5. Bonaparte's-kab Here you can see the white outer triangle of feathers on the wing which are a key field mark for Bonaparte's Gull. This is my first Bonaparte's Gull in Massachusetts and the first I have identified all on my own. I have only seen them in two other places: at the Guntersville Dam in Alabama in March of 2010 and at the Bear River Migratory Bird Refuge in Utah in November of 2006.



(Click on the button to see more birds from around the world!)

Tuesday, August 23, 2011

Charlestown, MA (MWT)

1. Bridge-kab Leonard P. Zakim Bunkerhill Memorial Bridge 8-12-11

On August 12th I went with a friend to Charlestown, MA. Though I grew up in New England I had never been to Charlestown and I know little about it. My friend, Mary, grew up in this section of Boston in an apartment over a store! She lived there for most of her life and played in the streets. She told me there used to be an elevated train that ran right down the middle of Main Street and right past her apartment. She told me that in the winter she used to open a window and throw snowballs at the passing train. How different her life was from mine when I was growing up. I lived in the country and slept outside under the stars in the summertime. I played in grassy fields and ran wild in the woods. Mary tells me she only saw grass and trees when her family went to the cape for vacation. I cannot comprehend this.

On this day I saw plenty of trees and even a few birds flying around the streets of Boston. Mary took me to a new park called City Square Park where we had a good view of the Zakim Bunker Hill Bridge. In the center of the park was a beautiful fountain with house sparrows drinking and splashing. Overhead a few chimney swifts flew and I even saw an American Robin hopping about on the grass! Later she drove me over to Bunker Hill, the site of a major battle during the revolutionary war. We had a very fun day.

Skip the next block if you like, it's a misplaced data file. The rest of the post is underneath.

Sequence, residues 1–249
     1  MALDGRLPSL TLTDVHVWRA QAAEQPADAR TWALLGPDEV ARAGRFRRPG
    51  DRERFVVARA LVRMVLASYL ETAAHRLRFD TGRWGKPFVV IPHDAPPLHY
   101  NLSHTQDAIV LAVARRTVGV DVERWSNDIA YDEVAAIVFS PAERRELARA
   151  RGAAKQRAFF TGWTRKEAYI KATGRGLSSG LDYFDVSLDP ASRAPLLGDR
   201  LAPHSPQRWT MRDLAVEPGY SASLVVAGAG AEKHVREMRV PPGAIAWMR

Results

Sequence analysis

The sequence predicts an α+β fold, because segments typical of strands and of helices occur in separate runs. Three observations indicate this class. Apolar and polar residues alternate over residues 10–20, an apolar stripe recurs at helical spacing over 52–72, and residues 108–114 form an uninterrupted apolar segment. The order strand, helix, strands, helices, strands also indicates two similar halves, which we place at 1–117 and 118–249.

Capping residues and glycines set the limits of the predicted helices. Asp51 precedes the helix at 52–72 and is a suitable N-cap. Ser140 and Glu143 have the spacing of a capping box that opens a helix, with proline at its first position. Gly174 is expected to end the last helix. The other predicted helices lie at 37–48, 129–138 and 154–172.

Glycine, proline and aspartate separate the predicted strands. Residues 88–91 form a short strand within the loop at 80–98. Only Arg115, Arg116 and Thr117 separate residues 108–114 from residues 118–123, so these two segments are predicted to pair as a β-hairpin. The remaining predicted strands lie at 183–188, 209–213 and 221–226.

2. fountain-kab House Sparrow on fountain.


3. me n frog-kab Me and my frog friend!


4. Frog-kab Froggy


5. Bunker hill-kab Bunker Hill Monument


6. Bunker hill-kab Bunker Hill with Colonel Prescott Statue


7. Prescott Statue-kabColonel William Prescott Statue


8. red house-kab Buildings across from Bunker Hill Monument.

After being out west for 6 years I am loving this New England Architecture!


9. Skyline-kab Two International Place, Exchange Place and Custom House

View from Bunker Hill of the Financial District in Boston.

10. Zakim bridge-kabZakim Bunker Hill Memorial Bridge as seen from Bunker Hill 8-12-11

I have just learned that with the passing of Klaus Peter there will be no more…

My World Tuesday!

Good-bye dear Klaus!

Thursday, August 18, 2011

On the Shore of Lake Ontario (SWF)

DSC_0069 Lake Ontario Sunset 7-31-11 @ 7:09 PM EDT

I hear the sounds of waves

crashing on the shore

mesmerizing me

pulling me in,

riveting me to this spot

with this sound.

I see the water gray and rolling,

white caps scattered on rising crests

all blending the the flat gray line

of a silver horizon.

Song sparrows serenade the day,

while gulls joust and cry over the waves.

Hummingbirds sip sweet nectar from the flowered bank,

a gentle breeze ruffles my hair,

then the Bald Eagle glides by

on wings dark and full of sky.

I feel the roots of my being release,

I feel my heart sprout wings!